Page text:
“An accidental folklorist!”
During my decades in the blues trenches, as it were, I was able to accomplish a number of admirable things over that time beginning in the mid-sixties, things of which I am extremely proud. The record label is almost one of them, but lacking any sales ability, I consider that only a partial success. As one can see by my multi-position business card from back then, there is nothing about sales or anything remotely related to same on there, and that represents my true abilities in the music business realm! There are many albums that I produced for the label of which I am still proud over and above having accomplished it at all! And doing it pretty well from the standpoint of the various “positions” I held and listed on my business
card (see above) of that time, and having a certain limited positive public response to my efforts.
Of the eighteen LPs that eventually came out, some “feel” better and more important than others today, but all were worthy of being released. Certainly the Henry Johnson album stands out in the first four I simultaneously issued back in 1973, but all of the other three have their strengths (Peg Leg Sam, solo Eddie Kirkland, Frank Edwards). The second batch of four albums came in 1974 and were of equally worthy individuals, with my first studio album by Eddie Kirkland (with band), and the Robert Lockwood LP. That one was a big surprise to all in its time in part because it consisted solely of “field recordings” done in a couple of living rooms, even the band sides! Willie Trice, and Guitar Shorty made up the remainder nicely for the year’s package. I did this album-bundling as I felt putting albums out one at a time would not be treated seriously and they would get lost in the sauce… nice try!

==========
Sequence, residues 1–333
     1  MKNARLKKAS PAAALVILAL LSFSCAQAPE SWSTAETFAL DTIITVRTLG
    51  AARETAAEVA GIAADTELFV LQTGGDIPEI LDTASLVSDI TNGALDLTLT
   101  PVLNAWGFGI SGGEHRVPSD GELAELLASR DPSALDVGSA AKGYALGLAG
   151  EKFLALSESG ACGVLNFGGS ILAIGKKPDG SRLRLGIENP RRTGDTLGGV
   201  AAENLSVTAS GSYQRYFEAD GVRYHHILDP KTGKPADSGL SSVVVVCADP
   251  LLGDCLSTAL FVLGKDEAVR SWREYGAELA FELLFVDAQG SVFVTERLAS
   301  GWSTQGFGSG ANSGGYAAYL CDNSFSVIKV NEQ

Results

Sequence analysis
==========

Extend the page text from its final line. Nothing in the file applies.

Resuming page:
The third batch in 1975 consisted of an unique and important collection of Detroit pianists recorded “in context”, plus an LP of Tarheel Slim as a solo artist. They were joined by individual albums from guitarist/singers Pernell Charity, and Roy Dunn. In 1976, I released a mixed bag – a stunning Homesick James LP (his first as an acoustic solo artist), one from pianist Big Chief Ellis with Tarheel Slim, Brownie McGhee, or John Cephas backing him on guitar in parts, and an attempted “folk” album by my now sadly late friend, Dan DelSanto before he moved to Austin.
1977 was blessed with a fine studio album from Robert Lockwood and his band, equally as good as the previous band sides I did, if not better! 1978 gave us Honeyboy Edward’s first released solo sessions (with Walter Horton on harmonica, or Eddie El on guitar) as a single release. I had cut back to one album per annum by then due to fatigue. Other collections were planned for release, but I was getting shy of spare change and decided to temporarily put off the likes of John Cephas, and Maurice Reedus (my first and only jazz production) until later. Cephas, as an artist, was eventually picked up by various folks in the DC region after doing two sessions in 1976 and 1980 for me and his story became a long and true success. Reedus kept playing with Lockwood and basically spent his life in Cleveland… I regret greatly not getting that one out for him; it came that close, as did the Cephas LP, but no go.